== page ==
Association grows its reach

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Atlantic Canada is edging closer to real regulation, with the Nova Scotia government now eyeing the region’s fledgling association as a provider of basic broker education even as another province appears to drag its heels.

“The province has indicated that MBAAC (Mortgage Brokers Association of Atlantic Canada) will be an approved provider of the minimum education requirement course which will be part of the new regulations when completed,” said Glen Ward, president of association. “We have already agreed to partner with AMBA to provide this and build a course specific to the new regulations in Nova Scotia once they are finalized in the province sometime next year.”

When approved, MBAAC will be the second broker association offering a broker course in the province. In June this year, CAAMP launched a broker program containing courses specific to Nova Scotia legislation, land registration and business practices.

Earlier this month, CAAMP also announced it will be launching a course in Newfoundland and Labrador come 2013. However, none of the Atlantic provinces has a specific education requirements tied to their broker licensing programs, said Ward.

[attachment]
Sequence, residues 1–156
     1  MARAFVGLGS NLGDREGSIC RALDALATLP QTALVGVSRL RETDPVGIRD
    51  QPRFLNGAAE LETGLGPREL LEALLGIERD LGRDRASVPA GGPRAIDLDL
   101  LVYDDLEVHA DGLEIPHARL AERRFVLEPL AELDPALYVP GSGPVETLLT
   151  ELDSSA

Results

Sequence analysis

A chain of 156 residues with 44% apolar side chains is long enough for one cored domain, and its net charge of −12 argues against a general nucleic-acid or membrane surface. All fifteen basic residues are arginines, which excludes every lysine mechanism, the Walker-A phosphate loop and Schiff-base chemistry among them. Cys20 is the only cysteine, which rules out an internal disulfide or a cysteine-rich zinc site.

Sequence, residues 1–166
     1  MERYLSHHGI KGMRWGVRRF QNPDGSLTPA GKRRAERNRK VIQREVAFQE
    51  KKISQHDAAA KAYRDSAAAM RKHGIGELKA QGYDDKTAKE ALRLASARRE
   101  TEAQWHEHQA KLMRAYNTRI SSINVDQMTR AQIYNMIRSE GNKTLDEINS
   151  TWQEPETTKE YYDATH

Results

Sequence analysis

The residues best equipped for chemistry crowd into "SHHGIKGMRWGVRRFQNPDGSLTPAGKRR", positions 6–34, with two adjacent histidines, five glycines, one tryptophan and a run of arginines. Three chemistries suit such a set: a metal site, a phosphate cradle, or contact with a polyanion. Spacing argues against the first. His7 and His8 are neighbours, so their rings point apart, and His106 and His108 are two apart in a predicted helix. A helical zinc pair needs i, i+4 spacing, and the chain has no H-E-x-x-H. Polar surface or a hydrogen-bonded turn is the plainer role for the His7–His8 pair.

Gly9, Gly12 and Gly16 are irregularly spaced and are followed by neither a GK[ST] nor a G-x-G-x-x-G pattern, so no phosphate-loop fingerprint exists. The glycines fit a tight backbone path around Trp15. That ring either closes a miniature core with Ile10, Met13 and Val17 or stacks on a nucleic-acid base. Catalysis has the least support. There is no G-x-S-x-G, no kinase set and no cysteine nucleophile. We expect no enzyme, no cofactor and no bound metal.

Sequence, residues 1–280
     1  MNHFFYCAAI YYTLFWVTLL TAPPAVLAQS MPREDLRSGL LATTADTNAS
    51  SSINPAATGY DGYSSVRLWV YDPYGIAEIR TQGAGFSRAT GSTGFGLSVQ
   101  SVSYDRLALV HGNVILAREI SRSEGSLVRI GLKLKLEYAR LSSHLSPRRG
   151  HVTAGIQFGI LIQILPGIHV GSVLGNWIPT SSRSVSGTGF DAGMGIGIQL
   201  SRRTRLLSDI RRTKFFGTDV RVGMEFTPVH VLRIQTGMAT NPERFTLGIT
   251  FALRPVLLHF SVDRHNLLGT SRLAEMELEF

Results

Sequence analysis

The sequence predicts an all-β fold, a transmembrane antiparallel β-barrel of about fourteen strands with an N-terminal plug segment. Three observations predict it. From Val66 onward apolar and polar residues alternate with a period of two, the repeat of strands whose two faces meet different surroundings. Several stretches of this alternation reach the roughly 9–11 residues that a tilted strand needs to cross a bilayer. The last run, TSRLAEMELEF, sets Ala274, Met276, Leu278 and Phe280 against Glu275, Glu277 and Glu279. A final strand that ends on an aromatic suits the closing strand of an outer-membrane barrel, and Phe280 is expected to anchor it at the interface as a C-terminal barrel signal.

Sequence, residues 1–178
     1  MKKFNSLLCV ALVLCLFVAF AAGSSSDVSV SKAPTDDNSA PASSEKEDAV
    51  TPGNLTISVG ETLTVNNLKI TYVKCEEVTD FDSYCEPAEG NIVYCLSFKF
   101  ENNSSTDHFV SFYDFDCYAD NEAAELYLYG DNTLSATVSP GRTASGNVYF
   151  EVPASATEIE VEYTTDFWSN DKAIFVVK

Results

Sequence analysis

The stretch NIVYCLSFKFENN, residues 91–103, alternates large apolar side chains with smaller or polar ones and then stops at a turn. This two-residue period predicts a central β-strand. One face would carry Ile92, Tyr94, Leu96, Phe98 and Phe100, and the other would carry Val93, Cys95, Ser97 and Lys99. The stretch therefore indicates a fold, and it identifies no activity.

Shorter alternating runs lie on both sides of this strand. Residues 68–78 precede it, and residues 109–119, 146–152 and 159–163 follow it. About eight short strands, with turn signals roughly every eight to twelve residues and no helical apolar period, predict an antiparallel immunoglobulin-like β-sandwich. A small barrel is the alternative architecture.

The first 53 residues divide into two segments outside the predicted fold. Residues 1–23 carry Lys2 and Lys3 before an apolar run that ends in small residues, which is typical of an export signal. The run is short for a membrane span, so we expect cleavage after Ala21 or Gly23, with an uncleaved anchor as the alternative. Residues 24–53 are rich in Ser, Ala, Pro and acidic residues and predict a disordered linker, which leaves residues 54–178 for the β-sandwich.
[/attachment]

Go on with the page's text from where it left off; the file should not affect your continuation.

Nova Scotia’s Law of Amendments Committee is currently looking into proposed changes to the province’s Mortgage Broker Act. While the industry is regulated in most provinces across Canada, only Nova Scotia and Newfoundland licenses brokers in Atlantic Canada. New Brunswick and PEI are still being encouraged by industry professionals to move in that direction.

MBAAC has also been making some headway on negotiations with other provinces, Ward told MortgageBrokerNews.ca.

He said officials of the provincial government of PEI met with MBAAC and promised that they would look into presenting a proposed bill calling for the creation of a minimum registration system for mortgage brokers in the province.

Officials in Newfoundland were also “open to working with MBAAC,” said Ward, but the organization had less success in New Brunswick.

“Unfortunately this issue seems not be a high priority for the current government,” Ward said of the result of their meeting with New Brunswick officials. “But we continue to be engaged with consumers and will act as an advocate to help induce change in New Brunswick.”

 

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